A World Leader in Genealogical Research

Harald W. Azmann

Established in 1894 as a nonprofit organization funded by The Church of Jesus Christ of  Latter-day Saints, the Genealogical Society of Utah has grown from 13 members to an  international organization of over 700 highly skilled and dedicated individuals, with headquarters located in Salt Lake City, Utah, USA.

Today, more than 100 years later, the society's activities span the globe. Staff members have expertise in history, area studies, library science, micrographics, digital imaging, business management and a multitude of languages, and the Church of Jesus Christ of Latter-day Saints supports the development of many unique resources to encourage its members and researchers around the world to search their family roots.

These include:

The Family Search Internet Genealogy Service

The free FamilySearch Internet Genealogy Service website www.familysearch.org was launched on 24. May 1999.

Use of familysearch.org has far exceeded predictions with an average of 9 million hits per day.

Website features include the Ancestral File with 36 million lineage-linked names and the International Genealogical Index (IGI) containing over 600 million names.

The website is also a portal to thousands of other genealogical websites.

Users of familysearch.org may submit information to the Pedigree Resource File.

familysearch.org allows users to collaborate with other researchers and pool their information for more complete family records.

 

The Family History Library

The Family History Library in Salt Lake City, Utah, provides access to the world's largest collection of genealogical records.

The library has access to genealogical information recorded on more than 2 million rolls of microfilm and 180,000 microfiche, and in 288,000 books and 4,500 periodicals.

In addition to filmed and published records, the library's database contains such records as the Ancestral File, the U.S. Social Security Index, and the U.S. Military Index.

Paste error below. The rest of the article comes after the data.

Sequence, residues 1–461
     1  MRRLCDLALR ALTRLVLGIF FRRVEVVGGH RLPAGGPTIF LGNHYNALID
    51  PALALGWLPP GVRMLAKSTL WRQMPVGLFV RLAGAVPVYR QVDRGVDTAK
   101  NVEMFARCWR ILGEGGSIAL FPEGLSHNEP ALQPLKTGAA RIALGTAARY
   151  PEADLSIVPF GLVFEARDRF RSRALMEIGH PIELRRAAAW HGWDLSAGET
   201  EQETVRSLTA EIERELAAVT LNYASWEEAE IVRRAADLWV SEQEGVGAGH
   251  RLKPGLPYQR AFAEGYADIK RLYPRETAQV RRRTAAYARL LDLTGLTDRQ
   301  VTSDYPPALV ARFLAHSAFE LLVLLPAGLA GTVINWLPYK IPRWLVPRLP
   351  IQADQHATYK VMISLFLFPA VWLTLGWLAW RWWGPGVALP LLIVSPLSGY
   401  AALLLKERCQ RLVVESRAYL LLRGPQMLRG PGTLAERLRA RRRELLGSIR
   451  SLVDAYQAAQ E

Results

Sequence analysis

In 1999, the average increase of information was 4,500 rolls of microfilm and 700 books per month.

More than 2,000 people visit the library per day.

Nearly 450 staff members and volunteers are available to assist both new and expert genealogists.

The Family History Library is linked to more than 3,500 Family History Centers located in 65 countries.

Microfilming Records

When records are destroyed, important links to the past can be lost forever. Fragile historical documents may also become damaged through frequent use. By contrast, microfilm copies can be used repeatedly and reproduced often, leaving the original documents untouched, undamaged, and preserved for future generations.

In cooperation with archives and other record-keeping institutions, the Genealogical Society of Utah began microfilming and storing records in 1938. To date, the society has microfilmed in over 100 countries. The society provides cooperating institutions with a free microfilm copy of their records; additionally, the microfilms stored by the society serve as backup copies for archives around the world, thus providing essential protection in the event of damage or loss.

 

Storing Microfilm

The society stores microfilmed records in the Granite Mountain Records Vault, located near Salt Lake City, Utah. The vault is in a canyon wall beneath 700 feet (200 meters) of solid granite and is climate controlled for storing microfilm. The vault's six rooms can hold microfilm copies of over 25 million volumes of 300 pages each (about 6 million rolls of microfilm). Here records from all over the world are protected from natural and man-made disasters.

 

Helping Researchers

People interested in learning about their ancestors need to be able to find historical documents and use them effectively. Therefore, as the Genealogical Society of Utah acquires copies of records world-wide, it systematically catalogs each record by date, place of origin, and type of record. This catalog is available on microfiche and as part of FamilySearch, an automated system of genealogical information.

In addition to the catalog, FamilySearch has many resource files that include family history information for millions of deceased individuals. To create these resource files, the society works with other organizations to computerize and index parish, census, and other records.

Researchers can use the FamilySearch computer system at an increasing number of places throughout the world, including the Family History Library and the FamilySearch Center in Salt Lake City, an extensive network of Family History Centers (tm) worldwide, and other genealogical and educational institutions. As permitted by law and contractual obligations, copies of the records in the society's collection may be made available to researchers in these locations.

 

Working Together

No single group can preserve, organize, and make available all the information contained in the world's important genealogical documents. This immense task requires the cooperation of record keepers and researchers around the world. In the spirit of cooperation, the Genealogical Society of Utah is committed to working with others to help preserve genealogical records and promote family research.

 

For more information, please go to www.familysearch.org.